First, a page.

By Mohammad Shamsudduha, on 15 February 2024
Water sustains life and livelihoods. It is intrinsically linked to all aspects of life from maintaining a healthy life, growing food, and economic development to supporting ecosystems services and biodiversity. Groundwater—water that is found underneath the earth’s surface in cracks and pores of sediments and rocks—stores almost 99% of all liquid freshwater on Earth. Globally, it is a vital resource that provides drinking water to billions of individuals and supplies nearly half of all freshwaters used for irrigation to produce crops. But are we using it sustainably?
Groundwater is dug out of subsurface aquifers by wells and boreholes, or it comes out naturally through cracks of rocks via springs. Today, about 2.5 billion people depend on groundwater to satisfy their drinking water needs, and a third of the world’s irrigation water supply comes from groundwater. It plays a crucial role in supplying drinking water during disasters such as floods and droughts when surface water is too polluted or absent. Despite its important role in our society, the hidden nature of groundwater often means it is underappreciated and underrepresented in our global and national policies as well as public awareness. Consequently, A hidden natural resource that is out of sight is also out of mind.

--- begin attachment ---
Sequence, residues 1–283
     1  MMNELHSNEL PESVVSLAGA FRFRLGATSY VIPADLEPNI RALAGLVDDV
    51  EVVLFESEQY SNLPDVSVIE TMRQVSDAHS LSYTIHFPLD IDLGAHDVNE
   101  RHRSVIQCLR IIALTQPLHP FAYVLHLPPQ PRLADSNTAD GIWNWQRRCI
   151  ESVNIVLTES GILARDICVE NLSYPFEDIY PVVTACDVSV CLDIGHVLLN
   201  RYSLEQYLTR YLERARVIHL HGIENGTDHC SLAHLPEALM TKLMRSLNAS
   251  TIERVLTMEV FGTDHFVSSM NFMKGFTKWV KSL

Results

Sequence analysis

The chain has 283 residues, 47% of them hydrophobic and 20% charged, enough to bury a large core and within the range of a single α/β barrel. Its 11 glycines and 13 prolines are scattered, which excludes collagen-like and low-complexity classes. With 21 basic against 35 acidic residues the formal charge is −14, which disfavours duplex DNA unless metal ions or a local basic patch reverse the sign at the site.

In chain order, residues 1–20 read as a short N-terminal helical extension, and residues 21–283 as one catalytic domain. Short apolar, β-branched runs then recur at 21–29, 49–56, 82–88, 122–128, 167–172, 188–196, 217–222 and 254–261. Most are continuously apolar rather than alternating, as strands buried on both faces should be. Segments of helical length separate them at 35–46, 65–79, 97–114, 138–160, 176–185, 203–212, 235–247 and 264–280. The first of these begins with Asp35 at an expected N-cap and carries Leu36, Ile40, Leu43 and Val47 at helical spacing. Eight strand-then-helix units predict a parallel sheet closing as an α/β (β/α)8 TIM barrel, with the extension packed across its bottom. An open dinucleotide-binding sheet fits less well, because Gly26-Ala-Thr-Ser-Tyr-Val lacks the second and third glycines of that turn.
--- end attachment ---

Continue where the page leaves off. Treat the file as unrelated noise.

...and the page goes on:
Some countries (e.g., Bangladesh) are primarily dependent on groundwater for everything they do from crop production to the generation of energy. Other countries like the UK use surface water alongside groundwater to meet their daily water needs; some countries (e.g., Qatar, Malta) in the world are almost entirely dependent on groundwater resources. Because of its general purity, groundwater is also heavily used in the industrial sector.
Despite our heavy reliance on it, there is a lack of groundwater monitoring across the world. Monitoring of groundwater resources, both quality and quantity, is patchy and uneven. Developed countries like Australia, France and USA have very good infrastructure for monitoring groundwater. Monitoring is little or absent in many low- and medium-income countries around the world. There are some exceptions as some countries in the global south such as Bangladesh, India and Iran do have good monitoring networks of groundwater levels.
Groundwater storage changes are normally measured at an observation borehole or well manually with a whistle attached to a measuring tape, so when it comes into contact with water, it makes a sound. It can be also monitored by sophisticated automated data loggers. Groundwater can be monitored indirectly using computer models and, remotely at large spatial scales, by earth observation satellites such as the Gravity Recovery and Climate Experiment (GRACE) twin satellite mission. Models and satellite data have shown that groundwater levels are falling in many aquifers around the world because of over-abstraction and changes in land-use and climate change. However, due to lack of global-scale monitoring of groundwater levels, mapping of world’s aquifers has not been done at the scale of its use and management.